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Biogenic emission measurement and inventories determination of biogenic emissions in the eastern United States and Texas and comparison with biogenic emission inventories

  • Author(s): Warneke, C
  • de Gouw, JA
  • Del Negro, L
  • Brioude, J
  • McKeen, S
  • Stark, H
  • Kuster, WC
  • Goldan, PD
  • Trainer, M
  • Fehsenfeld, FC
  • Wiedinmyer, C
  • Guenther, AB
  • Hansel, A
  • Wisthaler, A
  • Atlas, E
  • Holloway, JS
  • Ryerson, TB
  • Peischl, J
  • Huey, LG
  • Hanks, AT Case
  • et al.
Abstract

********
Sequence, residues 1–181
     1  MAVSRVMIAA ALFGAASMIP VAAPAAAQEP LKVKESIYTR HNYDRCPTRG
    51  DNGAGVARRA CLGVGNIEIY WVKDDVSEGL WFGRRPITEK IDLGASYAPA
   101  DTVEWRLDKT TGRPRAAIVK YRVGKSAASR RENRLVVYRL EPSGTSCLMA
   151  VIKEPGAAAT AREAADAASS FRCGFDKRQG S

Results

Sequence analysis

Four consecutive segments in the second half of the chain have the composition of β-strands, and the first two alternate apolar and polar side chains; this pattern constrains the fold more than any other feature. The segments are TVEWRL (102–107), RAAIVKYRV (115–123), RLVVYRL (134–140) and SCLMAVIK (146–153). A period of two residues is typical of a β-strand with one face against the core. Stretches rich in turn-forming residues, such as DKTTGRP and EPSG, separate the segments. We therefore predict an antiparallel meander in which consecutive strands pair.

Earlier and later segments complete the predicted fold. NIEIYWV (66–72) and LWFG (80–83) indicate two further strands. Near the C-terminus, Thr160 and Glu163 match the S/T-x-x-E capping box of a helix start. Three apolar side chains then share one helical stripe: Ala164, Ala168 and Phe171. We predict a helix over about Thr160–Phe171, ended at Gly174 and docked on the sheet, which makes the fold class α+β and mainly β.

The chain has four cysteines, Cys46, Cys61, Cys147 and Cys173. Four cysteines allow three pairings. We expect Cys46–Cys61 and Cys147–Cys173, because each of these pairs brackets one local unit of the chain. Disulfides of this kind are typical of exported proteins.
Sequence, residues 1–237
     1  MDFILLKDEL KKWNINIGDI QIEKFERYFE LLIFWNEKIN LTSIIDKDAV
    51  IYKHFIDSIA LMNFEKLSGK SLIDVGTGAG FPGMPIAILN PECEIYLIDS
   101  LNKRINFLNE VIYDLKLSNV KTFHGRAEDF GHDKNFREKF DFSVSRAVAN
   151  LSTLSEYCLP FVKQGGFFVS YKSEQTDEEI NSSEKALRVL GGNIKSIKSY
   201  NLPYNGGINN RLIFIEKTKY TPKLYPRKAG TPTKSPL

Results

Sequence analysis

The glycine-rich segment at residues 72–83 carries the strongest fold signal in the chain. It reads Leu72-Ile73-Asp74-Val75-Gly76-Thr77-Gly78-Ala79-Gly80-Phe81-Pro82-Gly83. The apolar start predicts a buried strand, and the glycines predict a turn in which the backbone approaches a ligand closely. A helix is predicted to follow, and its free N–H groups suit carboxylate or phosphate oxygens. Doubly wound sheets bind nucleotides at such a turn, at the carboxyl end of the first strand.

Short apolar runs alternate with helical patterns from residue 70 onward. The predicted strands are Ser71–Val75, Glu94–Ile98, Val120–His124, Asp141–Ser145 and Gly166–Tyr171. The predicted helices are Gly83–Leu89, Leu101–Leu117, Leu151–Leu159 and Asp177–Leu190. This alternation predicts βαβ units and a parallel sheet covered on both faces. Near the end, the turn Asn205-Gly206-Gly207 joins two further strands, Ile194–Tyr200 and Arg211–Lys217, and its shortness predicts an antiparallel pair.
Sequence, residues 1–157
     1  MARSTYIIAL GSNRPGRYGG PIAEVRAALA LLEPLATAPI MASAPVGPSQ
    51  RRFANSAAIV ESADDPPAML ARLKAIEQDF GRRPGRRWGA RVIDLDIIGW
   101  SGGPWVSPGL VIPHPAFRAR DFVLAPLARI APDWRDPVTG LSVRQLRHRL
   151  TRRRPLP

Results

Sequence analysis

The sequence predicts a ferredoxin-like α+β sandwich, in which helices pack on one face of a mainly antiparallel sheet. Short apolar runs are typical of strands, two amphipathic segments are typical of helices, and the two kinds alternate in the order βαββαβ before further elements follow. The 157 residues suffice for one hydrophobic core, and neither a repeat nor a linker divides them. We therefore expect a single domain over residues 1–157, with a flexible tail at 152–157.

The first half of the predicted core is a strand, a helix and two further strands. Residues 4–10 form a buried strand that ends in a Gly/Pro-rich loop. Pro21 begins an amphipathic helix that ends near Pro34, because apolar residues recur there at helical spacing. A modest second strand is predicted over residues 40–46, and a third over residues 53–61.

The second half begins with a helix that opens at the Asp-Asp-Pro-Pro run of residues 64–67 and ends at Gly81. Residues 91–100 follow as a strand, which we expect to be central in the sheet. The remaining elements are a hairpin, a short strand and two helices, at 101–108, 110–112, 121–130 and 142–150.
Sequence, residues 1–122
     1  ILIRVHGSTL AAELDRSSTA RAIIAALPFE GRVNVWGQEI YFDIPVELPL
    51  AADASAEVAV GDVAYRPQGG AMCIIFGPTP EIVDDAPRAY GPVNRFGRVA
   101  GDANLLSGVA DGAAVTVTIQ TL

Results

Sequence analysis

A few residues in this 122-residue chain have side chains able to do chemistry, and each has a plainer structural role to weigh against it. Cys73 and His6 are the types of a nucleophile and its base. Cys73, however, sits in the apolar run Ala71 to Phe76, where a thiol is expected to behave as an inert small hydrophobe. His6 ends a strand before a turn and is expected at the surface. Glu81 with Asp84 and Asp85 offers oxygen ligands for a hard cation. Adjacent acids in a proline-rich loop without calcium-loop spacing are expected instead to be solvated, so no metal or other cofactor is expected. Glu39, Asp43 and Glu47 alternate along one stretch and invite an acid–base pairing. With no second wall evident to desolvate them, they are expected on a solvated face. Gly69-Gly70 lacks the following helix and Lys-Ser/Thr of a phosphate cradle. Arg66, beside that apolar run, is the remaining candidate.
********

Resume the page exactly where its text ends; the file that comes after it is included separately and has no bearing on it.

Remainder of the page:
During the NOAA Southern Oxidant Study 1999 (SOS1999), Texas Air Quality Study 2000 (TexAQS2000), International Consortium for Atmospheric Research on Transport and Transformation (ICARTT2004), and Texas Air Quality Study 2006 (TexAQS2006) campaigns, airborne measurements of isoprene and monoterpenes were made in the eastern United States and in Texas, and the results are used to evaluate the biogenic emission inventories BEIS3.12, BEIS3.13, MEGAN2, and WM2001. Two methods are used for the evaluation. First, the emissions are directly estimated from the ambient isoprene and monoterpene measurements assuming a well-mixed boundary layer and are compared with the emissions from the inventories extracted along the flight tracks. Second, BEIS3.12 is incorporated into the detailed transport model FLEXPART, which allows the isoprene and monoterpene mixing ratios to be calculated and compared to the measurements. The overall agreement for all inventories is within a factor of 2 and the two methods give consistent results. MEGAN2 is in most cases higher, and BEIS3.12 and BEIS3.13 lower than the emissions determined from the measurements. Regions with clear discrepancies are identified. For example, an isoprene hot spot to the northwest of Houston, Texas, was expected from BEIS3 but not observed in the measurements. Interannual differences in emissions of about a factor of 2 were observed in Texas between 2000 and 2006. Copyright 2010 by the American Geophysical Union.

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